As in Basic, Matrixx's categorical rule would "artificially exclud[e]" information that "would otherwise be considered significant to the trading decision of a reasonable investor." 485 U.S., at 236, 108 S.Ct. 978. Matrixx's argument rests on the premise that statistical significance is the only reliable indication of causation. This premise is flawed: As the SEC points out, "medical researchers . . . consider multiple factors in assessing causation." Brief for United States as Amicus Curiae 12. Statistically significant data are not always available. For example, when an adverse event is subtle or rare, "an inability to obtain a data set of appropriate quality or quantity may preclude a finding of statistical significance." Id., at 15; see also Brief for Medical Researchers as Amici Curiae 11. Moreover, ethical considerations may prohibit researchers from conducting randomized clinical trials to confirm a suspected causal link for the purpose of obtaining statistically significant data. See id., at 10-11.
A lack of statistically significant data does not mean that medical experts have no reliable basis for inferring a causal link between a drug and adverse events. As Matrixx itself concedes, medical experts rely on other evidence to establish an inference of causation. See Brief for Petitioners 44-45, n. 22.
The FDA similarly does not limit the evidence it considers for purposes of assessing causation and taking regulatory action to statistically significant data. In assessing the safety risk posed by a product, the FDA considers factors such as "strength of the association," "temporal relationship of product use and the event," "consistency of findings across available data sources," "evidence of a dose-response for the effect," "biologic plausibility," "seriousness of the event relative to the disease being treated," "potential to mitigate the risk in the population," "feasibility of further study using observational or controlled clinical study designs," and "degree of benefit the product provides, including availability of other therapies."
Not only does the FDA rely on a wide range of evidence of causation, it sometimes acts on the basis of evidence that suggests, but does not prove, causation. For example, the FDA requires manufacturers of over-the-counter drugs to revise their labeling "to include a warning as soon as there is reasonable evidence of an association of a serious hazard with a drug; a causal relationship need not have been proved." 21 CFR § 201.80(e). More generally, the FDA may make regulatory decisions against drugs based on postmarketing evidence that gives rise to only a suspicion of causation. See FDA, The Clinical Impact of Adverse Event Reporting, supra, at 7 ("[A]chieving certain proof of causality through postmarketing surveillance is unusual. Attaining a prominent degree of suspicion is much more likely, and may be considered a sufficient basis for regulatory decisions" (footnote omitted)).
This case proves the point. In 2009, the FDA issued a warning letter to Matrixx stating that "[a] significant and growing body of evidence substantiates that the Zicam Cold Remedy intranasal products may pose a serious risk to consumers who
Given that medical professionals and regulators act on the basis of evidence of causation that is not statistically significant, it stands to reason that in certain cases reasonable investors would as well. As Matrixx acknowledges, adverse event reports "appear in many forms, including direct complaints by users to manufacturers, reports by doctors about reported or observed patient reactions, more detailed case reports published by doctors in medical journals, or larger scale published clinical studies." Brief for Petitioners 17. As a result, assessing the materiality of adverse event reports is a "fact-specific" inquiry, Basic, 485 U.S., at 236, 108 S.Ct. 978, that requires consideration of the source, content, and context of the reports. This is not to say that statistical significance (or the lack thereof) is irrelevant— only that it is not dispositive of every case.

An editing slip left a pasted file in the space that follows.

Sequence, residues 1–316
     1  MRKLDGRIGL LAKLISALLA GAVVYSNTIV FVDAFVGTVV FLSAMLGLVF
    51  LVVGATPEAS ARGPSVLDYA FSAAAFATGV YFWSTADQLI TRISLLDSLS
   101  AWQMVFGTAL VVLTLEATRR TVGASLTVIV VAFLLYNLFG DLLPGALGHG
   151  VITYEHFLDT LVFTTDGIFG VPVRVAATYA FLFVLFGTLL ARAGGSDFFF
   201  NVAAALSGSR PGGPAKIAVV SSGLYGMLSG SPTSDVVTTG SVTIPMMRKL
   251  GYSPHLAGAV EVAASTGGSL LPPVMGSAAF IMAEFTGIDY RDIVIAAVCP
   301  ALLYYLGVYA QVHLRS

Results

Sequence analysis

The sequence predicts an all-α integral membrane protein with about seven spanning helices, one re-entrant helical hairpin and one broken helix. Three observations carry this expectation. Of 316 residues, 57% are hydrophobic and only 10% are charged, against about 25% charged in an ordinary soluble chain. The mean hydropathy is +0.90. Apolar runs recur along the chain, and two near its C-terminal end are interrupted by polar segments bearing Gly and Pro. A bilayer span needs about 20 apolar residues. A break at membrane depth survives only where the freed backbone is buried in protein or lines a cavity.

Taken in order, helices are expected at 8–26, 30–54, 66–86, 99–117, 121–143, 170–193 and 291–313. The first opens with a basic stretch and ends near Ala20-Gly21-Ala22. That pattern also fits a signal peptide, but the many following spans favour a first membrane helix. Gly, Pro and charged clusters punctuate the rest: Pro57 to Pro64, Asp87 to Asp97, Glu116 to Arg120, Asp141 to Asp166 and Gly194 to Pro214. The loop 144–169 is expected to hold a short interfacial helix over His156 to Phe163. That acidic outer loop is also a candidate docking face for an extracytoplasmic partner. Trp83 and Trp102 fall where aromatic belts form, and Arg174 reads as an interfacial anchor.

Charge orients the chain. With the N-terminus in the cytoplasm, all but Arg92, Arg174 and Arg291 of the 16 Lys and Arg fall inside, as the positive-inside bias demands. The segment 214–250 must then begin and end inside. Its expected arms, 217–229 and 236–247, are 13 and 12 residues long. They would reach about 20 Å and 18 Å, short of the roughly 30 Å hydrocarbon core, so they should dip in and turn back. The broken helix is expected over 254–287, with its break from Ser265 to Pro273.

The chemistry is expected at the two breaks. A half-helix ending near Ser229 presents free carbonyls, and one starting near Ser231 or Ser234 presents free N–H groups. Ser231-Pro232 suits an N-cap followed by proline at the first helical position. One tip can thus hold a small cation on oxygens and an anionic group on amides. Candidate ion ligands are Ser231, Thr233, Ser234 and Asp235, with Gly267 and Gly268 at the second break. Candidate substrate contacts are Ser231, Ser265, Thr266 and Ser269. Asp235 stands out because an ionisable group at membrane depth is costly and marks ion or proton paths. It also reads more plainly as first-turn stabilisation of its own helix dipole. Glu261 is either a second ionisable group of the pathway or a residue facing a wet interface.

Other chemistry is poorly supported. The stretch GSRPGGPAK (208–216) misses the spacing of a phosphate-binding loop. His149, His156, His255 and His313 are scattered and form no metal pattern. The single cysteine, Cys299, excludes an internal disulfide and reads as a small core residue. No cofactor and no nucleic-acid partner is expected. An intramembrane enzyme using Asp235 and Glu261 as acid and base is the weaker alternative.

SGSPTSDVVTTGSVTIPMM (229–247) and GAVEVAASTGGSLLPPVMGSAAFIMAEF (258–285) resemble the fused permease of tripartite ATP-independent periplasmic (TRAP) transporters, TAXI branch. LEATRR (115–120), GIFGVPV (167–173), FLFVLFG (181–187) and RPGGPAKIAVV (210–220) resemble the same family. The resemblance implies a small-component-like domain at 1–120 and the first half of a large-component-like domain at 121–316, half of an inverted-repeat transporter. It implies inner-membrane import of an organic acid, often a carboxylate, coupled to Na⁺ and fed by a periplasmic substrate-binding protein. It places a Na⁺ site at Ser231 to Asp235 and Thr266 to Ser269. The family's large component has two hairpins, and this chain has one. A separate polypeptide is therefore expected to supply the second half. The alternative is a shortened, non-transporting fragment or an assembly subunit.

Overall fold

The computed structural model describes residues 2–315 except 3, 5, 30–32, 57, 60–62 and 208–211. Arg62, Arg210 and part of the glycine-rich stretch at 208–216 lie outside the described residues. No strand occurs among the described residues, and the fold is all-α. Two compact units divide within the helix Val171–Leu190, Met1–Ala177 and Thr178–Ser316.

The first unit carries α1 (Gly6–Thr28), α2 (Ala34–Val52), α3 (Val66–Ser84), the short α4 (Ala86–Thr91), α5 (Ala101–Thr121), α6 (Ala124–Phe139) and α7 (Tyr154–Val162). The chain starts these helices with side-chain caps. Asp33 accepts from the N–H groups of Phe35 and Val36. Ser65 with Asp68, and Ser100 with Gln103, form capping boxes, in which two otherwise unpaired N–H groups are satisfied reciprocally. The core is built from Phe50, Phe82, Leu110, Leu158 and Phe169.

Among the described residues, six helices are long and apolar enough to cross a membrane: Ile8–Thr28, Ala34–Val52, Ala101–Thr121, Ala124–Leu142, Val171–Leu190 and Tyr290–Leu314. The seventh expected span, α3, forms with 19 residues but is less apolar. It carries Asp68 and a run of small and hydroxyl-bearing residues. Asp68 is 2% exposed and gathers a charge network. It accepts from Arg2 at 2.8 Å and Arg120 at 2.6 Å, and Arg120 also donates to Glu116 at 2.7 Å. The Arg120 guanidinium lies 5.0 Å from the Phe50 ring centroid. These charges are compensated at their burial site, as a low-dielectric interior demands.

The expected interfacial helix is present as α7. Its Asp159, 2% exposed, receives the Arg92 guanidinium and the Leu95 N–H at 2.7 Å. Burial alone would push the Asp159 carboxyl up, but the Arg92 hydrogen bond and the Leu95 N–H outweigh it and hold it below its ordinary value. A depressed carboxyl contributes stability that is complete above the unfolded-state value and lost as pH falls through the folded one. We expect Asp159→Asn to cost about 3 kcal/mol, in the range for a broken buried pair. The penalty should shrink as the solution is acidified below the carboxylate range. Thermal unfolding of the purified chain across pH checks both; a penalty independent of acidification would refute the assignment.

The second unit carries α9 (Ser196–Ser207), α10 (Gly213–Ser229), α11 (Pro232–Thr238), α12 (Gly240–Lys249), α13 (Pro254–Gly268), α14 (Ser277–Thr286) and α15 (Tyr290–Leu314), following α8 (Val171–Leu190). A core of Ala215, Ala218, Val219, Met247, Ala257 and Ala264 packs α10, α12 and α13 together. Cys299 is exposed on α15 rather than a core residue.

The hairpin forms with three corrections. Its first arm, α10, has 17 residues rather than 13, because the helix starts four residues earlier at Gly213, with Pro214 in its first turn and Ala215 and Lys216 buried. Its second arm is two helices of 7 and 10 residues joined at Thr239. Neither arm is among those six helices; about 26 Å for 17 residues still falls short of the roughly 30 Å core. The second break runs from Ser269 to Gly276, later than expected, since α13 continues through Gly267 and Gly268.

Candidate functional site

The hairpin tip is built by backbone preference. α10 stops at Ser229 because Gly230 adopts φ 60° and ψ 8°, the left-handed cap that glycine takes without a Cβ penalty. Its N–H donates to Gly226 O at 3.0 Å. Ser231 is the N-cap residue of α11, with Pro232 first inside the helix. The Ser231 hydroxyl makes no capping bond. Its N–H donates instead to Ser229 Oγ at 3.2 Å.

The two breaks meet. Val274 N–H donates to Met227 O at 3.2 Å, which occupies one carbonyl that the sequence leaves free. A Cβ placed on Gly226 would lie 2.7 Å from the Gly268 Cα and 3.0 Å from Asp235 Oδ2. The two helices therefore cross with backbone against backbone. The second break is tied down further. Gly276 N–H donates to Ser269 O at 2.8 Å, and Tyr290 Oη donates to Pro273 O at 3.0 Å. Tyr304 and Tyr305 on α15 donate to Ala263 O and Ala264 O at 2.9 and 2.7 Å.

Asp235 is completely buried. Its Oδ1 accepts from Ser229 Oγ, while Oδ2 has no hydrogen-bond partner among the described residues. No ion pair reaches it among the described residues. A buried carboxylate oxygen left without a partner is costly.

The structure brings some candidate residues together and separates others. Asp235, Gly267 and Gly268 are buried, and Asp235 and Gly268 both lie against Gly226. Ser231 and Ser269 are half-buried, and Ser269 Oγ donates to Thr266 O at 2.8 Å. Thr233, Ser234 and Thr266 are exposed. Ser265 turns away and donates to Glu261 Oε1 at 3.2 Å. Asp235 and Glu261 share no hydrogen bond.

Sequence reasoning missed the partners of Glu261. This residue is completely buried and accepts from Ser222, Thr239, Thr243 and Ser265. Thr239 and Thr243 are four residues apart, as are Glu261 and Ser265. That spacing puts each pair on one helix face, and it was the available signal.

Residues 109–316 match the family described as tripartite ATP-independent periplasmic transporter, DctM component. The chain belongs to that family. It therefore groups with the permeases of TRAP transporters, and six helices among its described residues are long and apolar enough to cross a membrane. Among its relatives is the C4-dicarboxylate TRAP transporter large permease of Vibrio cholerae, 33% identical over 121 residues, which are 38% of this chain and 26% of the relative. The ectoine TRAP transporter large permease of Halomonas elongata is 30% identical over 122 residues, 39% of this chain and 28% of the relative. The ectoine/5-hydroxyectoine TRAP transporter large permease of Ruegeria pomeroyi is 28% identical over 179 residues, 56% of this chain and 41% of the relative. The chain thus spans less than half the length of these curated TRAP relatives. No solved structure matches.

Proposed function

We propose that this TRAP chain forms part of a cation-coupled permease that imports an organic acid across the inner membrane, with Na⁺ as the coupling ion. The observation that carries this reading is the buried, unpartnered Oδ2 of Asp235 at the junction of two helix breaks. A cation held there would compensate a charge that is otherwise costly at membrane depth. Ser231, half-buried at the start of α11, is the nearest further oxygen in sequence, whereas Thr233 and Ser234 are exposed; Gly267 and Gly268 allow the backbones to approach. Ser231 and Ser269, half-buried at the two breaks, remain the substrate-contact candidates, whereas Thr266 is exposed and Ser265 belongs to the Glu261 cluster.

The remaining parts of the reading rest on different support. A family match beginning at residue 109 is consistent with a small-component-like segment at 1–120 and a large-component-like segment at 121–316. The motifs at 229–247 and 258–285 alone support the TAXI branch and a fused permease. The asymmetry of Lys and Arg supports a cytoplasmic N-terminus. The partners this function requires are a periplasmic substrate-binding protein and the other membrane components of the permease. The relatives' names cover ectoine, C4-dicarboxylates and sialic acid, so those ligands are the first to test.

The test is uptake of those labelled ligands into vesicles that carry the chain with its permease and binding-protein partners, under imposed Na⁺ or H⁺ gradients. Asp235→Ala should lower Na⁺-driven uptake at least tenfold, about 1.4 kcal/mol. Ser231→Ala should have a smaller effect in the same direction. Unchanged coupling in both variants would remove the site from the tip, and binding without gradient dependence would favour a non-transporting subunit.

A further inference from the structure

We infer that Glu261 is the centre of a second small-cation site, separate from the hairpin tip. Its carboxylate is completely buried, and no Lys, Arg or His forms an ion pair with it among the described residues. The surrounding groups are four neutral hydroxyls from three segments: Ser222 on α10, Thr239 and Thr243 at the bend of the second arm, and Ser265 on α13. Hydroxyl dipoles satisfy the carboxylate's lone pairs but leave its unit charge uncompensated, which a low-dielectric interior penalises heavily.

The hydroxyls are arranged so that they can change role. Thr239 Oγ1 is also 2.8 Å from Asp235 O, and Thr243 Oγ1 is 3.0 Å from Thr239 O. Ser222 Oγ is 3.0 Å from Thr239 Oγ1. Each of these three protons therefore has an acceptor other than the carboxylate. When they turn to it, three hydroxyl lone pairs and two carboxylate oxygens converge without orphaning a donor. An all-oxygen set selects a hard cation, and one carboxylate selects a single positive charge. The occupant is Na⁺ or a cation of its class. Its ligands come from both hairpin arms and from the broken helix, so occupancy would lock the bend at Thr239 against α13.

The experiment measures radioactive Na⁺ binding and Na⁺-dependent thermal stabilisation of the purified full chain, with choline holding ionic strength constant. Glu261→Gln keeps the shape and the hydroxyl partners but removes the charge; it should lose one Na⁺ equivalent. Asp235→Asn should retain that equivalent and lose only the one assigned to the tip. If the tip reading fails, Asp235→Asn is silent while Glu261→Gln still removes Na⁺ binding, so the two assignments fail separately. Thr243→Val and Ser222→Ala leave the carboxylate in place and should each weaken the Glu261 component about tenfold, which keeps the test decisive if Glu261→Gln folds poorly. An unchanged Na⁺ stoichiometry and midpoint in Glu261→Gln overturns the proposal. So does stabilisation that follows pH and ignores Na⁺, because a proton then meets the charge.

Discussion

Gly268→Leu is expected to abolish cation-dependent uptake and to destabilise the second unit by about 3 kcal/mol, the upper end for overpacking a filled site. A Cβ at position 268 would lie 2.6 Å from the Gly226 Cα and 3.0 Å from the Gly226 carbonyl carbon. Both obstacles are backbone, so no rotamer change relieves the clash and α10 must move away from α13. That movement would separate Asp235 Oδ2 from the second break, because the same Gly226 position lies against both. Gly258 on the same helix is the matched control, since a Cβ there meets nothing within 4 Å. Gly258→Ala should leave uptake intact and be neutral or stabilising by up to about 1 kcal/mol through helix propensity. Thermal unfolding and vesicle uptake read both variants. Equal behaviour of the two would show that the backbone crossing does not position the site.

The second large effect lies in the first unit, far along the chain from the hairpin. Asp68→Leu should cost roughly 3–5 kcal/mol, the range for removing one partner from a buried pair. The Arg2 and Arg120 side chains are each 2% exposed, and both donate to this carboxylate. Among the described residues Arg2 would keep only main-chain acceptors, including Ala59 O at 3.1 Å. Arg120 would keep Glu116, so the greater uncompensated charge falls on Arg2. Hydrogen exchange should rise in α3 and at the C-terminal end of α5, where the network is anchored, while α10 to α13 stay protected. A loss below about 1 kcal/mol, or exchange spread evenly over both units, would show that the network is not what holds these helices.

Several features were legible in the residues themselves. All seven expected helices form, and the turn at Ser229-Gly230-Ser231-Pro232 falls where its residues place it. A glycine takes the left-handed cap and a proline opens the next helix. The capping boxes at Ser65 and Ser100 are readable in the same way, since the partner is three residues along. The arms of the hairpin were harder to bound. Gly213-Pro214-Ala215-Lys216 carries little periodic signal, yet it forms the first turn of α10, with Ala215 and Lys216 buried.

Application of Basic's "total mix" standard does not mean that pharmaceutical manufacturers must disclose all reports of adverse events. Adverse event reports are daily events in the pharmaceutical industry; in 2009, the FDA entered nearly 500,000 such reports into its reporting system, see FDA, Reports Received and Reports Entered in AERS by Year (as of Mar. 31, 2010), http://www.fda.gov/Drugs/ GuidanceComplianceRegulatory Information/Surveillance/AdverseDrugEffects/ ucm070434. htm. The fact that a user of a drug has suffered an adverse event, standing alone, does not mean that the drug caused that event. See FDA, Annual Adverse Drug Experience Report: 1996, p. 2 (1997), http://drugand devicelaw.net/Annual Ädverse DrugËxperience Report1996.pdf. The question remains whether a reasonable investor would have viewed the nondisclosed information "`as having significantly altered the "total mix" of information made available.'" Basic, 485 U.S., at 232, 108 S.Ct. 978 (quoting TSC Industries, 426 U.S., at 449, 96 S.Ct. 2126; emphasis added). For the reasons just stated, the mere existence of reports of adverse events—which says nothing in and of itself about whether the drug is causing the adverse events—will not satisfy this standard. Something more is needed, but that something more is not limited to statistical significance and can come from "the source, content, and context of the reports," supra, at 1321. This contextual inquiry may reveal in some cases that reasonable investors would have viewed reports of adverse events as material even though the reports did not provide statistically significant evidence of a causal link.